The Black Market

The Black Market

The permit system that New York City uses to allocate space to vendors causes a ton of problems. Probably the biggest problem is the black market for permits that was created as a result

History of the Permit System

Picture of frankfurter cart on Broad Street circa 1906.

The permit system in place now was created in the 1980s. Prior to this time, anyone was able to sell on the streets. In the 1980s New York mayor Ed Koch became fed up with the carts and peddlers on the street. He told the New York Times about the crowded streets, “This is not supposed to look like a souk.” A souk is a marketplace found in Middle Eastern countries. This animosity was also a result of pressure from traditional brick and mortar stores who despised the carts. They disliked the carts due to them taking away their business without the traditional expenses like rent and payroll. In 1981. Koch decided to limit the number of people who can sell on the streets to around 4,000. Only 3,000 full-time permits would be sold with 1,000 more on a part-time basis. In the 1990’s Mayor Rudy Giuliani made the rules even stricter. He set up many rules and regulations regarding where the carts can be set up, as well as additional rules about where a cart has to be stored and hygiene which would be enforced by the NYPD.

Permit System Now

Nowadays, most of the rules and regulations have remained the same. The number of permits being sold also remained the same at around 4,000. The way the rules work is that once you had a permit you can renew it every two years by paying a fee of $200. As a result, most people who bought the permits in the 1980s still hold on to them today.  Only around 50 spots open up on a yearly basis. There is such a high demand for these permits that there is a waiting list with almost 1,700 people on it. This is where the black market was formed. With such a high demand for these permits, prospective cart owners have to pay anywhere from $10,000 to $25,000 a year to rent a permit from someone who already has one. This is despite the fact that renting a permit is illegal. As it says in the city code in Section 17-314.1 (b) of the code reads: “No vehicle or pushcart used to vend food in a public place shall be assignable or transferable with a license, permit or plate that has been issued under this subchapter attached there to.” The other choice for these food cart owners is to sell without the permits, but they could be faced with hefty fines. Without any other option, it has been estimated that between 70% and 80% of the permits are being illegally rented out to prospective cart owners. These people who own the permit are illegally making thousands of dollars as a result of this system. While vendors are stuck paying thousands more than what the city would charge them.

The black market works as a capitalistic system would. In a theoretical sense, supply and demand dictate the price of what the permits cost. With such a high demand for these permits permit owners can charge thousands to prospective owners. This illegal market causes problems for the city as well. They are essentially selling real estate below what the free market price would be. The City is losing what could potentially be thousands of dollars by not selling at the market price.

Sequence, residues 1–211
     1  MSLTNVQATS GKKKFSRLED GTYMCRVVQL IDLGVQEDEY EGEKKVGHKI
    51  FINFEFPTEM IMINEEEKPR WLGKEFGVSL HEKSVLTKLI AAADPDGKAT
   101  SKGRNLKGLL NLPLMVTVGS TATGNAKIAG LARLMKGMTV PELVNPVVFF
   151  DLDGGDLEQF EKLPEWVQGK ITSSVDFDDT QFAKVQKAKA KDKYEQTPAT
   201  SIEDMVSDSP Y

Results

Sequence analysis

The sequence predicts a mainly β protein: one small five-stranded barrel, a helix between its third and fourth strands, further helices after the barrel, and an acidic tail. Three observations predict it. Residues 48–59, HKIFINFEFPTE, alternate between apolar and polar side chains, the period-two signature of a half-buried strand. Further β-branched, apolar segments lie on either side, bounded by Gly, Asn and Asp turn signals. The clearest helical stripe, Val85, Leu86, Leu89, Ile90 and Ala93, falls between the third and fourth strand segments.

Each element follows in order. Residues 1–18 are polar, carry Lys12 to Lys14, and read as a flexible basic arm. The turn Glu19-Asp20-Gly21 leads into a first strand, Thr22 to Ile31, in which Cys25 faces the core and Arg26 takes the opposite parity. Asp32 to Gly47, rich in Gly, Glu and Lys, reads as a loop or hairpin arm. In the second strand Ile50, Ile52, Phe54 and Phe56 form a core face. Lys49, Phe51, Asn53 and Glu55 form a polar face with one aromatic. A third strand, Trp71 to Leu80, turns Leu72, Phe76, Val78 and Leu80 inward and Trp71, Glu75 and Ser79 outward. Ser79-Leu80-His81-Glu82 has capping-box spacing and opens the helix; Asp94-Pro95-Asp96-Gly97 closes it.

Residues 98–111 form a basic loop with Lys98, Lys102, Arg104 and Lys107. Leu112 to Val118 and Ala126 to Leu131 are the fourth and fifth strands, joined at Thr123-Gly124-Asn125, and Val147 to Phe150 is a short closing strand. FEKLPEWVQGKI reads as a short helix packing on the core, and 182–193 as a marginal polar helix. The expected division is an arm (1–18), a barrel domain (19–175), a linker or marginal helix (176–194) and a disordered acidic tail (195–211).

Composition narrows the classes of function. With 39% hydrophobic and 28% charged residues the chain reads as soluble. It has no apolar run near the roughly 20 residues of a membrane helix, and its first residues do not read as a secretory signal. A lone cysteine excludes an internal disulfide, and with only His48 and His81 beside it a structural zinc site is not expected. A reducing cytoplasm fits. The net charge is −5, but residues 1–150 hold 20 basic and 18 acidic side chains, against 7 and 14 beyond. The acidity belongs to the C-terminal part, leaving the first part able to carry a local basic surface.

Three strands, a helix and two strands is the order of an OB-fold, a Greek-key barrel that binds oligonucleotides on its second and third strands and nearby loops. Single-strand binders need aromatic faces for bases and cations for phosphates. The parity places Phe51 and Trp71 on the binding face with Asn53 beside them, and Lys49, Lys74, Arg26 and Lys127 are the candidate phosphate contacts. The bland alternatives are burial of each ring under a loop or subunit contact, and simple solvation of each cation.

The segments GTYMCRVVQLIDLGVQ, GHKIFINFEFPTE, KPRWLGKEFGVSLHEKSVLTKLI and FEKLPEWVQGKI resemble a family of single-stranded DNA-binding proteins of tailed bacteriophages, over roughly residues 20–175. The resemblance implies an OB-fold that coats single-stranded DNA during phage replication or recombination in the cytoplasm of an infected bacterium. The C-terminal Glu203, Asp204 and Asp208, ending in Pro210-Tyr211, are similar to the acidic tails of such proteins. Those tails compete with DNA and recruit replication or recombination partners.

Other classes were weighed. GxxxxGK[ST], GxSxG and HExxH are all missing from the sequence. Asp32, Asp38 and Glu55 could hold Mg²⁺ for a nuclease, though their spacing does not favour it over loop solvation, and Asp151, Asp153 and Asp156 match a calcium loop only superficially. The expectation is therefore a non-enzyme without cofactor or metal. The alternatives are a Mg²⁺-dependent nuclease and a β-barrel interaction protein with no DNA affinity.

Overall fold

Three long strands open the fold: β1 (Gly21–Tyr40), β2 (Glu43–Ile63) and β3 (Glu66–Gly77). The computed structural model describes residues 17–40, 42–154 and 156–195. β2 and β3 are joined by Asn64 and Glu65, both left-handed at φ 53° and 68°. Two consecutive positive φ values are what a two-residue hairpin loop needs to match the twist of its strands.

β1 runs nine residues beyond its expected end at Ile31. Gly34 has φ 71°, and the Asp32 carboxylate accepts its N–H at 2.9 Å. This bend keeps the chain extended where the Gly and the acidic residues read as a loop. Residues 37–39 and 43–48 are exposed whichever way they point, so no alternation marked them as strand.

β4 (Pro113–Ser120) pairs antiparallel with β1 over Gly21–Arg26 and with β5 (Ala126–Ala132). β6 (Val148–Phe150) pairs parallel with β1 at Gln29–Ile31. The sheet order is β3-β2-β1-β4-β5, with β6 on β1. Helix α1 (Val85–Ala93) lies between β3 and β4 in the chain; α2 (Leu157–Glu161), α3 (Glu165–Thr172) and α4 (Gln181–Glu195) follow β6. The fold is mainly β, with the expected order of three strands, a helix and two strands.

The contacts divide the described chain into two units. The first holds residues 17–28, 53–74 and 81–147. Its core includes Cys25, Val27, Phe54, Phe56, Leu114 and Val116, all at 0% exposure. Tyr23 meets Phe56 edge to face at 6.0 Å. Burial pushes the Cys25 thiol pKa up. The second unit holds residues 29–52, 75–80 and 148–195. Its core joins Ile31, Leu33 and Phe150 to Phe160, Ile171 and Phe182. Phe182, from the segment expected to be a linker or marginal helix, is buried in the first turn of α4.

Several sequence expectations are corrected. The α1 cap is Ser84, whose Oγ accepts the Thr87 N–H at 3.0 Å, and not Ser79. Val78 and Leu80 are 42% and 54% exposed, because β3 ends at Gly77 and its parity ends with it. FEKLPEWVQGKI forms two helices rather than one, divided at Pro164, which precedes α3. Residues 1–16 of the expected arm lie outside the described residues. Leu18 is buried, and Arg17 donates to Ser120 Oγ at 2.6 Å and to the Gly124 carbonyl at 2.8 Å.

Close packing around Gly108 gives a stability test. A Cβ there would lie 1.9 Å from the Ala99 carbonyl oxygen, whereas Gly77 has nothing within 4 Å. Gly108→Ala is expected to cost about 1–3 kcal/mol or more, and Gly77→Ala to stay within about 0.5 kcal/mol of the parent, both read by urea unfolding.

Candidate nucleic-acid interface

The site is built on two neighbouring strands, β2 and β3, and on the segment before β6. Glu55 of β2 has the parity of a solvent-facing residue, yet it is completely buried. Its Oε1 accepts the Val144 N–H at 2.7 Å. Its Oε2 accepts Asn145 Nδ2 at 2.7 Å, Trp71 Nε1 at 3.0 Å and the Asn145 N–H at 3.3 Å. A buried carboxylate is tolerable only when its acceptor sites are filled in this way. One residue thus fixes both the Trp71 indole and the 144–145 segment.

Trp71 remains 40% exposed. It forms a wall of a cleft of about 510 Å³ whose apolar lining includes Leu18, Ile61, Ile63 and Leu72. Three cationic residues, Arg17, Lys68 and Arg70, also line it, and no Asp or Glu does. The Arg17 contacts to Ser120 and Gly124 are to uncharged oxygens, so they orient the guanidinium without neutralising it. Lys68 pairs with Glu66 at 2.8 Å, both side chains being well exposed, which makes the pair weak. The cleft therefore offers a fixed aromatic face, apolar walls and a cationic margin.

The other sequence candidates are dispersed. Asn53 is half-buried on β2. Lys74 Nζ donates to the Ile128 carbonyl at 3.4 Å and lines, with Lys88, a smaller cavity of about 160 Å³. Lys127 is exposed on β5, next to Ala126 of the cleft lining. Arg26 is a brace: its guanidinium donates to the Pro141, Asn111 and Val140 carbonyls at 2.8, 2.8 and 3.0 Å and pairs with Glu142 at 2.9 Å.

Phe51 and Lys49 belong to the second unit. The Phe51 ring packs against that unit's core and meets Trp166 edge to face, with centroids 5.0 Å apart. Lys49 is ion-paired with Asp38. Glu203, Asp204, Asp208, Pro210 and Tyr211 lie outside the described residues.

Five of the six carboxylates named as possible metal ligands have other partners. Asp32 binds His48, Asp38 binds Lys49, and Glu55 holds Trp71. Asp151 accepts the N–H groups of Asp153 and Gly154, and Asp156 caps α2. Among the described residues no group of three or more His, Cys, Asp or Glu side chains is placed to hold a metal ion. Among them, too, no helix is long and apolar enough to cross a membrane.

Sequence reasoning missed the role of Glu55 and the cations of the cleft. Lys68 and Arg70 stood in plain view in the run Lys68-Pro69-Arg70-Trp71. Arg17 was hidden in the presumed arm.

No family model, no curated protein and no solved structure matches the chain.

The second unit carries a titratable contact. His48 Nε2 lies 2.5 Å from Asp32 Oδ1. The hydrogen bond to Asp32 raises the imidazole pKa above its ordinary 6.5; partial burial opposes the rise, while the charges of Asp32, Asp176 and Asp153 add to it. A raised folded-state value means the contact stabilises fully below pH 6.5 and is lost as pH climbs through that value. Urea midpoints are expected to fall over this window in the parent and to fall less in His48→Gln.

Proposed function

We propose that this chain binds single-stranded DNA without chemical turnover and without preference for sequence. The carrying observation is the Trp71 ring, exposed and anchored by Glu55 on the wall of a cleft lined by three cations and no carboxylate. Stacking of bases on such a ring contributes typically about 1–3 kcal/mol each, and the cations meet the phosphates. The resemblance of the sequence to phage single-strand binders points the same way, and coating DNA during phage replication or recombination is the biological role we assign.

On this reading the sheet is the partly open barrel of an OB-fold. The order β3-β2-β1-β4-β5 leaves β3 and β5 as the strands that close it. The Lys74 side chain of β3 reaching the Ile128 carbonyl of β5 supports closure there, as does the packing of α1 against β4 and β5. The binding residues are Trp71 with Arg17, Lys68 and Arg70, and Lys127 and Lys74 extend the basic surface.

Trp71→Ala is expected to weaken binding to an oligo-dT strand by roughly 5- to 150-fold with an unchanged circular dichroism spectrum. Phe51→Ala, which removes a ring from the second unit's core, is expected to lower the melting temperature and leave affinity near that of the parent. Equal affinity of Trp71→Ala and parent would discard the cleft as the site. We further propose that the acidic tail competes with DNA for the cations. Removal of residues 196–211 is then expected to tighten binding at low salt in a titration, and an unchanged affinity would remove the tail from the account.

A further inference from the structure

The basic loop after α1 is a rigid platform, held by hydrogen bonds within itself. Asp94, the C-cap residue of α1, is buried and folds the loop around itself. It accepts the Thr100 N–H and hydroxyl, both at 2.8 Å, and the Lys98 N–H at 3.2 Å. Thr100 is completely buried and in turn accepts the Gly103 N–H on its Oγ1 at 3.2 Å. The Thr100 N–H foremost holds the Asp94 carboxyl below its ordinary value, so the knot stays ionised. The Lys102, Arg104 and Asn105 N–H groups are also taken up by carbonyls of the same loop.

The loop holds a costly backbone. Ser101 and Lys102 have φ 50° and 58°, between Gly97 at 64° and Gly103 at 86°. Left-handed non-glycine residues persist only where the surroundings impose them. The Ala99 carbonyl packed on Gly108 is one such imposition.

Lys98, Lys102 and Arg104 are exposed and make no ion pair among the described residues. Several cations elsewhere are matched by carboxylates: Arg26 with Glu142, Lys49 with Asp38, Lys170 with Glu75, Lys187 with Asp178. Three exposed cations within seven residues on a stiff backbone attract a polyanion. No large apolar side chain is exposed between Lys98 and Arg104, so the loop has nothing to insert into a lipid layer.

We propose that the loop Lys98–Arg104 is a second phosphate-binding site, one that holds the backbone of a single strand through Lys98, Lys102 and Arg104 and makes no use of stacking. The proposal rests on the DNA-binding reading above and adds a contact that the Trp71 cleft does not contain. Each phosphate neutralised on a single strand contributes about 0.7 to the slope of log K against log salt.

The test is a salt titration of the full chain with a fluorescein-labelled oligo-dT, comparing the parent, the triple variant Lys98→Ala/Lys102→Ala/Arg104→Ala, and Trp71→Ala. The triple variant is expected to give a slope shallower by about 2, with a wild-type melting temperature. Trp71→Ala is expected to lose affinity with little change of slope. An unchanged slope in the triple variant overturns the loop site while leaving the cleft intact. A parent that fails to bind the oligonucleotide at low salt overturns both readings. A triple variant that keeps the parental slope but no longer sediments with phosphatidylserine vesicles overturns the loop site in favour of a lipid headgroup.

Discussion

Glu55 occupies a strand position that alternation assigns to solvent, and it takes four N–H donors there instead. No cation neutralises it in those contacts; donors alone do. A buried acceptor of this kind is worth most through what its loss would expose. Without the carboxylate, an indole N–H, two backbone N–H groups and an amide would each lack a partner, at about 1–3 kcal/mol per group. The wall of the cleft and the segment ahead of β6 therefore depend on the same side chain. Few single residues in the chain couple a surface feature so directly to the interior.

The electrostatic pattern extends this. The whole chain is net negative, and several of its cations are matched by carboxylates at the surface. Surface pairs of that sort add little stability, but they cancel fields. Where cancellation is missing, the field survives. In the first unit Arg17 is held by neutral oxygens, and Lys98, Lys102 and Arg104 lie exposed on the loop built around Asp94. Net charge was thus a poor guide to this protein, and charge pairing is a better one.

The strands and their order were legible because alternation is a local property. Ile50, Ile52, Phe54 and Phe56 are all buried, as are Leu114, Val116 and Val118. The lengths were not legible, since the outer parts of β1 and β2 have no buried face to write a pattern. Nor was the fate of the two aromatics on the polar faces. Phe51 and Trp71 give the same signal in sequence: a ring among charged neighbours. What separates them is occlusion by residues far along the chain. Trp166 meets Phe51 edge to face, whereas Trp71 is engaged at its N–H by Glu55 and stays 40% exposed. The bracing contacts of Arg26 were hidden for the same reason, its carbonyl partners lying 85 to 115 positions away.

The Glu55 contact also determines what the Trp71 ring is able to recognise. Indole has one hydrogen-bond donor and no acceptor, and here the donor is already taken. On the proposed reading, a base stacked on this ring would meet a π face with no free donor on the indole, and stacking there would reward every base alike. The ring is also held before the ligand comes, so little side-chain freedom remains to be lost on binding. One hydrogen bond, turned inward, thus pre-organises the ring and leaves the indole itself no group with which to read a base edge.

The people who get most affected are the immigrants who have to pay illegally for the permits. The Wall Street Journal interviewed a man named Mohamed Meah, an immigrant from Bangladesh, who has been running a cart for 17 years. He pays $12,000 dollars for his permit. He only makes $150 dollars a day which makes supporting his family very difficult. Mohamed’s story is one that is affecting thousands of other hard working cart owners who have to pay such an exuberant amount of money that they shouldn’t have to.

Jeff Koyan of Crain’s New York did a great investigative piece on this topic. He wanted to find out what is the process of getting a permit was like. He was referred to Astoria, Queens, by an Egyptian man named Zizo, as the place where the permit brokers could be found. He was able to speak to a man named Mr. Singh who was willing to sell him the permit and a cart for $18,000. From what he saw an evil mastermind didn’t own all the permits. He found that average people are selling their permits via text or craigslist.

Future of the Permit System

There has been a lot of talk in New York about reforming the food cart laws. One thing they have done is trying to implement letter grades on each of the carts. This would help weed out some of the illegal owners.

One long term solution being suggested is that the City should auction off the permits. This would bring in millions of dollars of lost revenue for the City. Although, this would also have its problems with the permits going to the people with the most money. While the cart owners will still have to pay a high fee for their permits. Another suggestion is that the city should increase the number of permits being sold. Would this completely solve the problem? That’s a tough question to ask. What we do know is that there needs to be some reform. Everyone is losing. The City is losing money, and most importantly, people who want to work hard are stuck doing so in a system slanted against them.


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